There has been a lot of speculation recently on what black holes actually do and the consensus seems to be moving towards the idea the stars may form out of black holes. We begin with an image from the Hubble Space Telescope (see www.physorg.com/print247478317.html ) which shows a filament of ionised gas found near some newly formed stars. The 'unseen' black hole is to the right of the image – but you can't see it. Indeed, the centre of almost every galaxy is thought to harbour a black hole as they are thought to account for gravitational pulls that disrupt visible material around them. Until recently black holes were considered to hinder the birth of stars – now some astronomers have turned this idea on its head. What they seem to be saying is energy switching on and off coincides with an outflow, sometimes in plumes that stretch for millions of light years – but is that a black hole?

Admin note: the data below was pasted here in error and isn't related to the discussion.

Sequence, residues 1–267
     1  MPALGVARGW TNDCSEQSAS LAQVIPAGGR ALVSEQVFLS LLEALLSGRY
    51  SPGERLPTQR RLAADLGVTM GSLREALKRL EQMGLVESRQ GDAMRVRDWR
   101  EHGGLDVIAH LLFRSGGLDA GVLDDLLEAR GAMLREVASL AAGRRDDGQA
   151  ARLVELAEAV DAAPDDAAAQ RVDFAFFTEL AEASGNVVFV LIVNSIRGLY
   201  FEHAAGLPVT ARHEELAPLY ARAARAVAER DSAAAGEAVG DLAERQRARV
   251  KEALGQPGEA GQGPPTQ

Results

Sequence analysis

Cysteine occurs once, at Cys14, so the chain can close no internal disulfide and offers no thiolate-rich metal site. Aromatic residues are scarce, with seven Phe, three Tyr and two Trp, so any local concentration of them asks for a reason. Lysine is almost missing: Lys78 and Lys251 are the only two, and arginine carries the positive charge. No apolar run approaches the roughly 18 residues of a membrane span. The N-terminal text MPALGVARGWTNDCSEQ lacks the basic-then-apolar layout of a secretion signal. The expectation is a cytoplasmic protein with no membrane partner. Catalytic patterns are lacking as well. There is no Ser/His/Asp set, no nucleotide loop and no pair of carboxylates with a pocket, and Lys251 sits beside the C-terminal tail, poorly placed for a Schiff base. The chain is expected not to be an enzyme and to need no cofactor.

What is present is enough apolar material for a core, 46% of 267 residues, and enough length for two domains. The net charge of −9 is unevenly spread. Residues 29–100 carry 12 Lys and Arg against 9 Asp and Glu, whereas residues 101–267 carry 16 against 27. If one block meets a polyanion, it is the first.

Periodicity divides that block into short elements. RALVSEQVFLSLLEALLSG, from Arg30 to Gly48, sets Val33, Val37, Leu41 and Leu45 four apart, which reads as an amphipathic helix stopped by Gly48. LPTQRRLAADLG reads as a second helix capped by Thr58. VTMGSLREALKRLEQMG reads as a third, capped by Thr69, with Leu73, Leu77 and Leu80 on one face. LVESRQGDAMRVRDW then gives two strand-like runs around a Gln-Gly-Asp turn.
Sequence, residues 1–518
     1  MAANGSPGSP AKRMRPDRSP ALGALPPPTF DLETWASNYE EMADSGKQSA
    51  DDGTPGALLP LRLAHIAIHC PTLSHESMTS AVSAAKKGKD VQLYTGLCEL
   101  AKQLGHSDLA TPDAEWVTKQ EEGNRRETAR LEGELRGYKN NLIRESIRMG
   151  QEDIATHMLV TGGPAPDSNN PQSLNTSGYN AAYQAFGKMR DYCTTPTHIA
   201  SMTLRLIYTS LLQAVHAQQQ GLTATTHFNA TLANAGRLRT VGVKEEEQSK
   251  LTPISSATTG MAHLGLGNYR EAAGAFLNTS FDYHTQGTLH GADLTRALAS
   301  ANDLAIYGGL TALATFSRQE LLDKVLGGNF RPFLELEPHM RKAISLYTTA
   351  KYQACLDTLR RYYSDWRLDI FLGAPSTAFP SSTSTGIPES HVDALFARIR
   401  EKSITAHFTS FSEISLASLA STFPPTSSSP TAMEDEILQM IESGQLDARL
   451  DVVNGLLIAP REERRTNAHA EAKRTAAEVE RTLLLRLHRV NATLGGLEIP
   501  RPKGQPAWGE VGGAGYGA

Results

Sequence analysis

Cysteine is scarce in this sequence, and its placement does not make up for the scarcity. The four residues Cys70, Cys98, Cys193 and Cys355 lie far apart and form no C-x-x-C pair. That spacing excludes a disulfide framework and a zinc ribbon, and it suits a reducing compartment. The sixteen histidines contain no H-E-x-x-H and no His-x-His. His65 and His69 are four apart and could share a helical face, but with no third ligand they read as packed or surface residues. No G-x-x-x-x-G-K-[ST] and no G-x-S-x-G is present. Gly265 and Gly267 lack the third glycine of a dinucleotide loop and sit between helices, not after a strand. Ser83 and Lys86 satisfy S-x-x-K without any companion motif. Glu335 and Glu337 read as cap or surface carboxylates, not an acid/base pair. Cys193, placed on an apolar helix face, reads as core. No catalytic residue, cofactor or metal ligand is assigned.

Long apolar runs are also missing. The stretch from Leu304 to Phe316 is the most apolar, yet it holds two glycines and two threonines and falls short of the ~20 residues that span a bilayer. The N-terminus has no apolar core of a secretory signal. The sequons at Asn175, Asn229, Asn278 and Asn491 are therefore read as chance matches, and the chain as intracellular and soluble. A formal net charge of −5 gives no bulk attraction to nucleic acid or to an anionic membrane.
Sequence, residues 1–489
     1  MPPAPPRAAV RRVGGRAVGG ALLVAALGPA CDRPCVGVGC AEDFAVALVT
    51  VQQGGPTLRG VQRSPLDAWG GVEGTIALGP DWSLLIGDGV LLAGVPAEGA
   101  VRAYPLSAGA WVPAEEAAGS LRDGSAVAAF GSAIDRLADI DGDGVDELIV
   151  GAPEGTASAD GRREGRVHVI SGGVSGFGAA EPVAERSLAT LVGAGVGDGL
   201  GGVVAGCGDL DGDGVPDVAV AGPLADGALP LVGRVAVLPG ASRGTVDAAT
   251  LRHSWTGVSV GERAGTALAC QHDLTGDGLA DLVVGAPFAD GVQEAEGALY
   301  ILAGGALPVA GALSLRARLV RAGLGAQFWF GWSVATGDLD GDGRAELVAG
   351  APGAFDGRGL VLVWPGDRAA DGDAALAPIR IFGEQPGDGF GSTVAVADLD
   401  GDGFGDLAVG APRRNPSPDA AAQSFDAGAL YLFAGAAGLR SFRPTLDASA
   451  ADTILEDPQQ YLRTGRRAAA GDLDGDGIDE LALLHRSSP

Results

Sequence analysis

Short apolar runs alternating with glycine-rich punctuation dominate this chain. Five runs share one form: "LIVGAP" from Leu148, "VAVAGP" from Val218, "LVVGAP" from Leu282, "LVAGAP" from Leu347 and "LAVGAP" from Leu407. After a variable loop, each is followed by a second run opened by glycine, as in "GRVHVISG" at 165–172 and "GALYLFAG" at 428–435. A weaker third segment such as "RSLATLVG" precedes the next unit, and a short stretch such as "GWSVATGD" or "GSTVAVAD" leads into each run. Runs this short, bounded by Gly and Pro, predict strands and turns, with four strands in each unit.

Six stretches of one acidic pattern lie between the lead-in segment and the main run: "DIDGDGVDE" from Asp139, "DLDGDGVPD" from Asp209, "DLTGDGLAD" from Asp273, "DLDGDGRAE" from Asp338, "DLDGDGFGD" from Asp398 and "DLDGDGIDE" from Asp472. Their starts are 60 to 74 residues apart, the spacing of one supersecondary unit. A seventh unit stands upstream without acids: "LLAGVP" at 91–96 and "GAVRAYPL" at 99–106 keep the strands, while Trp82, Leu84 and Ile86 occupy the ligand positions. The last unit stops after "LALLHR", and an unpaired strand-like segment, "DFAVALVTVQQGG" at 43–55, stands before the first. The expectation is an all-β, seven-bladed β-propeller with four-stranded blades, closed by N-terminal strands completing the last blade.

At www.physorg.com/print247478467.html an Irish astronomer currently working in the US is studying the fleeting blips of radio emissions from space, in particular what are known as 'radio transients'. These are generated by exploding stars, gamma ray bursts, and stars coming too close to 'black holes' (here we go again). Radio pulses from exoplanets would indicate a magnetic field – now thought to be essential for life.
Elsewhere, at www.sciencenow.org/view/generic/id/338067/title/FOR_KIDS_Mapping_the_inv… … as the url shows it is a post to educate children – in this case on maps of the universe. These maps, it says, show where dark matter, giant blobs of 'invisible' stuff, inhabits. Dark matter forms in giant clusters and long strings – it 'hides' everywhere throughout the universe = but you'll never see it no matter how hard you look.